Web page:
[Previous Months][Date Index][Thread Index][Join - Register][Login]
[Message Prev][Message Next][Thread Prev][Thread Next]

[IP] RE: "Dark Ages" revisited

PJB in Niagara Falls
Paula Berketo
IDDM 32 of 34 years

    I just read what you wrote about your grandmother, and how you still
hate the color orange. LOL. That's great. I never thought of the reaction in
the Clenitest  tube as a "nuclear reaction" but I do appreciate the humor
now. It did generate a lot of heat in the little kit we used to have to
carry wherever we would go.
    I too remember the needles, 27 gauge X 58", that were chrome plated. I
did have to learn how to re-sharpen them on a piece of sandstone. The nurse
that worked in the lab at my doctor's office gave me lessons on that! I
remember the tiny pieces of music wire I had to use to push through the
needle to insure there was nothing clogging it. Ted, Bob, either of you ever
do this? After sharpening I would use a dry cotton to insure there was not a
barb. Ouch!
    I guess those were "the good old days"! (?????) No thank you, I will
pass. I love the new technology we have now. I love the ultrafine needles. I
love my pump. We all have some good days and some bad ones but for the most
part I wake up in the morning feeling better than brand new!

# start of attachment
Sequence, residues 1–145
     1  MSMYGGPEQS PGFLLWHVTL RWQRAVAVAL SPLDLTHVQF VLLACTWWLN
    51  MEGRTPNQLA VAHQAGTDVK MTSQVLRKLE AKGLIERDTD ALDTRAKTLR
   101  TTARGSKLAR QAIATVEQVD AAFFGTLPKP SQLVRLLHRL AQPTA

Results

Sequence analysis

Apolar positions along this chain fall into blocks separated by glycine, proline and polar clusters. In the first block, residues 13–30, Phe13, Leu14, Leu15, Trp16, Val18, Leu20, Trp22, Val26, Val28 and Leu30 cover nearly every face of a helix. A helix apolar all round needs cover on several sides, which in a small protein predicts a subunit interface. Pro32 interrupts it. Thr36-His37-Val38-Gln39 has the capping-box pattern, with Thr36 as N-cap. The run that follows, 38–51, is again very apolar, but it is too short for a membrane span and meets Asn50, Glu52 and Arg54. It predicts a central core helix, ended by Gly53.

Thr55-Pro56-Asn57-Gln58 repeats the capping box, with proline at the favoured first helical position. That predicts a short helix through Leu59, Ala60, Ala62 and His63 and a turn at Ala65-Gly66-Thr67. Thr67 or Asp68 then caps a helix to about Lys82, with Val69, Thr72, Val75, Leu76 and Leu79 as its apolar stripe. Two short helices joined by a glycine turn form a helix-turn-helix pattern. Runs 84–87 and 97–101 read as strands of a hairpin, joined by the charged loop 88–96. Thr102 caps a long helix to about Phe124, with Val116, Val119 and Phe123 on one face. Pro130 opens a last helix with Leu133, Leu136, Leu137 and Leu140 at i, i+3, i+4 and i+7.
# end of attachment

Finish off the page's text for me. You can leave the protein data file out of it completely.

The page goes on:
Paula, your grandmother had to learn from experience that she could take
enough insulin to counteract almost anything she wanted to eat? Maybe not.
At that point in time they tried to make all young diabetic children think
that if you ate anything with sugar in it it would kill you! Ha. I look back
sometimes and just about crack up! It is really funny with the knowledge we
have now at our fingertips.
    I think it was Ben Franklin that said "Too soon we get old and too late
smart". We still have time in our lives to learn much. There is not a day
that passes that I don't learn something new about diabetes. Some things are
significant, some are not but we still learn and are the most educated bunch
of patients that ever lived. My hat is off and my heart goes out to all of
you. The youngsters, you have much to look forward to and you have little to
worry about. There are some of us that have to deal with more of the harsh
side effects than others but we are still learning and hopefully can help
some of our comrades that have to ride the same train at a different time.
Hang in there! It is getting better all the time. One day there will be no
diabetes. . . . . . . . .

Buddy '-)   email @ redacted
To feel any better I would have to be twins!

Insulin-Pumpers website http://www.bizsystems.com/Diabetes/
For subscribe / unsubscribe information,
send the next two lines in a message
to the e-mail address: email @ redacted